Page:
Opinion and Editorial

A Gathering Threat

Claude Salhani
Filed on September 5, 2009

The attempt on the life of Prince Mohammed bin Nayef, the Saudi Deputy Interior minister, last Thursday in Jeddah demonstrates that while the initial battle against Islamist terrorism in Saudi Arabia may have been won, the war is far from over.

“It would be naive to assume that there won’t be other attempts on individuals,” Prince Mohammed Al Faisal, a member of the royal family told this reporter. Prince Mohammed bin Nayef was slightly injured when a man made his way into his Jeddah home wearing a bomb inserted into his colon during an iftar, the meal that celebrates breaking the fast at sunset during the holy month of Ramadan. The bomb was detonated by a cellular telephone.

The Interior Ministry is in charge of internal security. Some of the special counter-terrorism units established with the help of the United States,

Britain, France and Germany following the initial wave of deadly attacks that rocked the kingdom as late as 2007, are troops and units of the Ministry of the Interior.

The Jeddah attack basically sends a message to the Interior Ministry, the very entity tasked with tracking down Islamist terrorists, that despite their best efforts, those it was meant to watch were able to infiltrate the very heart of the government ministry that was supposed to be watching them.

And although there have been no major terrorist attack in the kingdom since 2007 that should not be taken as an indication that the war is over. It is not. Indeed as Prince Mohammed al-Faisal told this reporter,“the fact that there was a lull should never be misunderstood as victory against terror.

These people took two decades (80s and 90s) building themselves under the radar, we should expect more time to completely amputate this cancer.”

What is also very important to note is the manner in which the terrorists made use of the holy month of Ramadan to perpetrate the attack, and the manner in which the explosives were transported to the site of the attack.

Most Muslims would agree that at least two major sins were committed in this operation, not counting suicide and murder.

First: In using the occasion of an iftar to gain access to his target, Prince Mohammed bin Nayef’s house, the perpetrators of this ignoble plot have desecrated and soiled the holy month.

Ramadan is traditionally a time when Muslims are supposed to cleanse their body through fasting and feel themselves closer to God through prayer.

Second: by inserting the explosive device into the body of the suicide bomber those same perpetrators have desecrated the human body, God’s ultimate creation. Not to mention, of course, the fact that in choosing to die the way he did, the suicide bomber, despite what some fanatic imams may have brainwashed him into believing about a paradise—with or without virgins waiting for him at the end of the journey—is going to have a rude awakening.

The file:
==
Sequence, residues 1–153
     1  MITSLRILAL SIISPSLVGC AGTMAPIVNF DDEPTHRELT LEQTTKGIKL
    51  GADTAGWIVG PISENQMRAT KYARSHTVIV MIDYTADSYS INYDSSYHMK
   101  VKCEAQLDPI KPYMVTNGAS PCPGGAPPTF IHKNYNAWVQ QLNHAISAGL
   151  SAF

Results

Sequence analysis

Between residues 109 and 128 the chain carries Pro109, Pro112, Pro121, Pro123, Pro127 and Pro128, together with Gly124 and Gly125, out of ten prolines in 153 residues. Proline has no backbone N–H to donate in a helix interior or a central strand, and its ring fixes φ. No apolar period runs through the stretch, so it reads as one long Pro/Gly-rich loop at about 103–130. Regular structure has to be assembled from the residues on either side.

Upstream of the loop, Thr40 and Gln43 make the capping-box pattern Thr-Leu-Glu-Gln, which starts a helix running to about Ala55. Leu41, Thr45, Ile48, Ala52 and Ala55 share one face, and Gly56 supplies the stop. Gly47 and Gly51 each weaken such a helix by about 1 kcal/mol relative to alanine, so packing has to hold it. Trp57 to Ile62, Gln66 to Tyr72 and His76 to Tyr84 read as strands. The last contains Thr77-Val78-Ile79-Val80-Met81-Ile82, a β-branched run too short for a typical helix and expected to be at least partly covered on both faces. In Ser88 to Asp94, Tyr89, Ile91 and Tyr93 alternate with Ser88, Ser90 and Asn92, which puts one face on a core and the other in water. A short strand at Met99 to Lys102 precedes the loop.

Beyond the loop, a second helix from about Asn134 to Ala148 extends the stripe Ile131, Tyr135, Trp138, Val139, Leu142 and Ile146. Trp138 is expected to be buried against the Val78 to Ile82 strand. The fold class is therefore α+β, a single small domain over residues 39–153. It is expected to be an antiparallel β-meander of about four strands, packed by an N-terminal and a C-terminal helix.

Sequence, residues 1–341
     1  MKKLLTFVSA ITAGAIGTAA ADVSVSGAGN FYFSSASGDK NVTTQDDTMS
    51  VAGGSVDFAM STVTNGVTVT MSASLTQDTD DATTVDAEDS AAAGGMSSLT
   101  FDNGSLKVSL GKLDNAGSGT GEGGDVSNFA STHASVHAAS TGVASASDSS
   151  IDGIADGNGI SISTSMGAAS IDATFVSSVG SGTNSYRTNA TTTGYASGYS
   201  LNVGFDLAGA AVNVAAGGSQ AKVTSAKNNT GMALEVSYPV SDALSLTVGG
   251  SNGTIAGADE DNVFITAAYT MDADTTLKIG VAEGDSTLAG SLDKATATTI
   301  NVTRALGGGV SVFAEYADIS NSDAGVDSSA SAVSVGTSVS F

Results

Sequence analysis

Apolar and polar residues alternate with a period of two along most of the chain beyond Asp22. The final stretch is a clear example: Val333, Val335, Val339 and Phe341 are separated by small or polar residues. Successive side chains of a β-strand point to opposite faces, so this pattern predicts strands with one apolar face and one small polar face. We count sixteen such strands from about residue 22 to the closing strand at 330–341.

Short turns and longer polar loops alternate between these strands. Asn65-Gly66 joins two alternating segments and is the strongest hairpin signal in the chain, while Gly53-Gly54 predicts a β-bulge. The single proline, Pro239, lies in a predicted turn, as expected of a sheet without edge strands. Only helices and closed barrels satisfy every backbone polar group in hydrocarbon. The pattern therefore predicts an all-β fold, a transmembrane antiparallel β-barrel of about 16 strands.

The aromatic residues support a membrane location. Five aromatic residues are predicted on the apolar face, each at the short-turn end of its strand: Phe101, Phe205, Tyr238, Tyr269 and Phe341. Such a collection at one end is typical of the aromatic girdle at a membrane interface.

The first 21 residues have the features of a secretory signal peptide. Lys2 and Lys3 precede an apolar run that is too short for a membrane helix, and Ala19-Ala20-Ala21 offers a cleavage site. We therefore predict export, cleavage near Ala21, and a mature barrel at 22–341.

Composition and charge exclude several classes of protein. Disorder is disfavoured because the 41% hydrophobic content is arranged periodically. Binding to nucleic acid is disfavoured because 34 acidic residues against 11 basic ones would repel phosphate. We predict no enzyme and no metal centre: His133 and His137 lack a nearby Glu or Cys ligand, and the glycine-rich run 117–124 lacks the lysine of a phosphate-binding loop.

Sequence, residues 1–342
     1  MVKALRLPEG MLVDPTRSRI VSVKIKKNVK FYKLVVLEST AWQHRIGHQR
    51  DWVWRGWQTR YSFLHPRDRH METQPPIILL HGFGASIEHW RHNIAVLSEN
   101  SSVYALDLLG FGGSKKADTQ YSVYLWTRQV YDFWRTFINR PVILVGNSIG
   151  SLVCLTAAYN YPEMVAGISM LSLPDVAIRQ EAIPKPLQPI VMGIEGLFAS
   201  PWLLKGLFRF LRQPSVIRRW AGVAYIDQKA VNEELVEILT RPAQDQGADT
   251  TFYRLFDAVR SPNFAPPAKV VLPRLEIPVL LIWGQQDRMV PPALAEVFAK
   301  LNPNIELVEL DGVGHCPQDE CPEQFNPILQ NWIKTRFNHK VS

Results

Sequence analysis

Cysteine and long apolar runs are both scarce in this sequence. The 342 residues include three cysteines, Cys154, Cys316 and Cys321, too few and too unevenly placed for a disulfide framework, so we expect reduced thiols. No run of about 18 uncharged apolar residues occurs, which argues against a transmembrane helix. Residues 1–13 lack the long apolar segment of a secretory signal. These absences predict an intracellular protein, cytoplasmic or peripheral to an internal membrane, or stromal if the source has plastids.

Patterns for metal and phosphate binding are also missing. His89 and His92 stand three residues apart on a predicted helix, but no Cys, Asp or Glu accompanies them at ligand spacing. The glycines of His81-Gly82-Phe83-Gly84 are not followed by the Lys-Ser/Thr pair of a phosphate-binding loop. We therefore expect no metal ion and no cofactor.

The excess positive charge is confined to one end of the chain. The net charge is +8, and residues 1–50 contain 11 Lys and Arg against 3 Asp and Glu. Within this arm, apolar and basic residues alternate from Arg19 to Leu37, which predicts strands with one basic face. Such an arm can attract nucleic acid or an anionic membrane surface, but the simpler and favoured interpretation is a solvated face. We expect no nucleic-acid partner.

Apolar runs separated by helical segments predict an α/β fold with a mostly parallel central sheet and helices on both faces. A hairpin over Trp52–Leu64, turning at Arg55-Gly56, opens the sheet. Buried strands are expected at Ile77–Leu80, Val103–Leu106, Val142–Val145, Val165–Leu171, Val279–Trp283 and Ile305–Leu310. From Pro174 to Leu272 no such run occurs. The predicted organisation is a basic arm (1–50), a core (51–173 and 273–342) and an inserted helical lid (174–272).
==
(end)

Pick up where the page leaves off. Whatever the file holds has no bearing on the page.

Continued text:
They will have the rest of eternity to figure out how wrong they were.

Finally, it is hard to believe that after such ignoble acts anyone would still believe that Al Qaeda speaks in the name of Islam. The third point is that the reactivation of terrorist activities in Saudi Arabia happens to coincide with the outbreak of heavy fighting in Yemen, not far from the border with Saudi Arabia. Could there be a direct link between the two? Possibly.

Bin Laden retains a following in his country of origin and where Islamists have found refuge in the desolate and hard-to-police regions of the interior. The unrest that is going on currently in Yemen is not to be underestimated, ignored, or yet written off as trivial inter-tribal squabbles. It is anything but trivial.

Yemen is the soft underbelly of the Arab world.The country is difficult to govern outside the main centers of population. It is structured along tribal lines with loyalty owed to the family, clan, tribe, sect and religion ahead of the nation. It is not surprising that the time when it was divided into two countries, into north and south, the South became the only Arab country to become communist. Bin Laden, who spent several years living in his ancestral land, knows Yemen only too well.

Add to that background the fact that Al Qaeda branches in Saudi Arabia and Yemen merged last February, becoming “Al Qaeda Jihad in the Arabian Peninsula.” Asseri, the attacker, had apparently flown into Jeddah from Yemen, according to a statement by Al Qaeda claiming responsibility for the assassination attempt on the deputy interior minister. That, despite the fact that he was one of 85 wanted terrorists in the kingdom.

“I believe we are on the right track, we just have to keep on doing more of what we have done, and maintain our vigour, alertness and energy. And most importantly, we must never be under false impressions that we have won, because that’s what terrorist wants,” Prince Mohammed al-Faisal said.

Claude Salhani is Editor of the Middle East Times and a political analyst in Washington

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